Byrn – who holds a PhD in environmental toxicology from University College Cork (UCC), an MSc in aquatic resource management from University of London, a BSc in zoology from UCC and a Higher Diploma in environmental law from the University of Aberystwyth – will step into current chief executive Professor Alan Reilly's shoes in March next year.
The FSAI told us it did not see Byrne’s current food industry position as a problem. Indeed, it said it was not the first time it had recruited someone with an industry background, citing ex chief executive Dr John O’Brien who left the FSAI in 2008. “You can’t have a food safety authority without some people from the industry,” a spokesperson said.
She said this “can’t be a problem”, and reiterated that all senior management and board members signed Declaration of Interests as well as their regular contract terms of employment.
‘We answer to the ministry’
“We’re independent,” the spokesperson said. “The only person we answer to is in the ministry. That’s kind of the ‘big boss’.”
In terms of ‘cutting old ties’ with previous industry colleagues, the spokesperson said that would be a personal process to be considered and undertaken by Byrne. “She knows what her role is now.”
The spokesperson declined to comment on whether her background could be seen as a positive in terms of her ability to see issues from both sides – the regulator and the regulated.
As well as her work with Abbott Nutrition, which began in 2013, Byrne worked in the Irish Department of Agriculture, Food and the Marine as well as with the cabinet of EU commissioner for research, science and innovation Maire Geoghegan-Quinn as a national expert. She also currently chairs the EU’s Joint Programming Initiative ‘A Healthy Diet for a Healthy Life’ and the Strategic Advisory Board of the Institute of Food and Health in University College, Dublin.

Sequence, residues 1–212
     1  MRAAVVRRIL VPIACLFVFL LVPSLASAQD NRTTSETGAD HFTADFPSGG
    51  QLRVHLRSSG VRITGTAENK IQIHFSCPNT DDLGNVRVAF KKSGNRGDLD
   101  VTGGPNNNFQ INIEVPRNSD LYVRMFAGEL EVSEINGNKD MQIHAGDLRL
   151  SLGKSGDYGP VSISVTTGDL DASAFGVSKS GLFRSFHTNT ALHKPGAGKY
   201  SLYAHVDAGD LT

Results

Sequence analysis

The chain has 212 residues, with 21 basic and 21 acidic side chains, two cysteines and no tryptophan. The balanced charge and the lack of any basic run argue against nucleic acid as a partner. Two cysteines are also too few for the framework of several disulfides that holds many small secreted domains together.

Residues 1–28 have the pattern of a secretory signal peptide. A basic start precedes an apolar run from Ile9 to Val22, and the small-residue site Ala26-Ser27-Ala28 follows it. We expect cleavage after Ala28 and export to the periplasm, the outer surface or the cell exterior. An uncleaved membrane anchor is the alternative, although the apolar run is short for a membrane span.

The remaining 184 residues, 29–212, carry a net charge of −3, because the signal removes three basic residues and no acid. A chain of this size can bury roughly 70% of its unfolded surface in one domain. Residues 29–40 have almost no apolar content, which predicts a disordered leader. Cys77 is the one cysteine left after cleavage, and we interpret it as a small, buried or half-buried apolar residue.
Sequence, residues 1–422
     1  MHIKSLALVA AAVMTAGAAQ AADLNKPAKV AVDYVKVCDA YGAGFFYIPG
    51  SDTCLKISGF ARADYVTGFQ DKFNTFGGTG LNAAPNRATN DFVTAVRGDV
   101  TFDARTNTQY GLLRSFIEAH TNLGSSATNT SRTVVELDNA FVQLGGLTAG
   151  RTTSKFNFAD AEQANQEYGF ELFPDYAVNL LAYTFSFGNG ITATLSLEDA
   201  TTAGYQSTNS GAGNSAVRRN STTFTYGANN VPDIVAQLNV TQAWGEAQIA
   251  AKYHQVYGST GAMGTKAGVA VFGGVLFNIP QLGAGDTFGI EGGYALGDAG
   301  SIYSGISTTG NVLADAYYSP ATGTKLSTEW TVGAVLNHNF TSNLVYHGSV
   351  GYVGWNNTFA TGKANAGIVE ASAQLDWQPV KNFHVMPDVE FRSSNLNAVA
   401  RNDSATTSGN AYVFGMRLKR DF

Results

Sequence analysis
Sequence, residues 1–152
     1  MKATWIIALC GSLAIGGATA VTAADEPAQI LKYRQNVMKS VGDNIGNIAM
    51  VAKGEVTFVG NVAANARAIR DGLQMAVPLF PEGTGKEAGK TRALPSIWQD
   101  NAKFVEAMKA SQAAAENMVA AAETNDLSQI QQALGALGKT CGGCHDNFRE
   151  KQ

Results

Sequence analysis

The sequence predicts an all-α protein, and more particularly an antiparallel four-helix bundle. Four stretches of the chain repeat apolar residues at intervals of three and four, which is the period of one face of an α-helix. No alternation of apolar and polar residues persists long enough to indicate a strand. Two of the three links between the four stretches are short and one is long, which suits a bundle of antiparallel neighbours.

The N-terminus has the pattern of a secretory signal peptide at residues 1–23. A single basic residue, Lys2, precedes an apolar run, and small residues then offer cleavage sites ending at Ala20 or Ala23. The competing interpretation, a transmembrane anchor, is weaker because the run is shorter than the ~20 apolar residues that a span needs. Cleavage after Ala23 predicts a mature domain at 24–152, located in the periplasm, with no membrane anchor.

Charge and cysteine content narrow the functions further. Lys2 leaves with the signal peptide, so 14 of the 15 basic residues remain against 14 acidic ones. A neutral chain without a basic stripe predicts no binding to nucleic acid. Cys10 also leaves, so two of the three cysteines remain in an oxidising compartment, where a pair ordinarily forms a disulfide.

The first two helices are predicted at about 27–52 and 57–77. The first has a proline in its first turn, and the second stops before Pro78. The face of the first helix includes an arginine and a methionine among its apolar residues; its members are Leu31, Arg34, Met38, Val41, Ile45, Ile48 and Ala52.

Breadth of knowledge and expertise
In its statement on the appointment, the FSAI said Dr Byrne would bring an “enormous breadth of knowledge and expertise” to the role.
Chairman of the FSAI board Professor Michael Gibney thanked the outgoing chief executive Professor Reilly for his “outstanding leadership”, something he said contributed to the FSAI’s national and international reputation as a respected regulatory body.
“It is fitting to note that just last month, Ireland was ranked joint first place with Canada out of 16 OECD [Organisation for Economic Co-operation and Development] countries for its food safety processes and performance, a reflection of Professor Reilly’s contribution and the commitment and professionalism of his team of experts at the FSAI.”
Correction: This article originally stated that the FSAI's last chief executive Professor Alan Reilly worked previous to this role within the food industry. This should have referred to the chief executive before him, Dr John O’Brien who left the FSAI in 2008.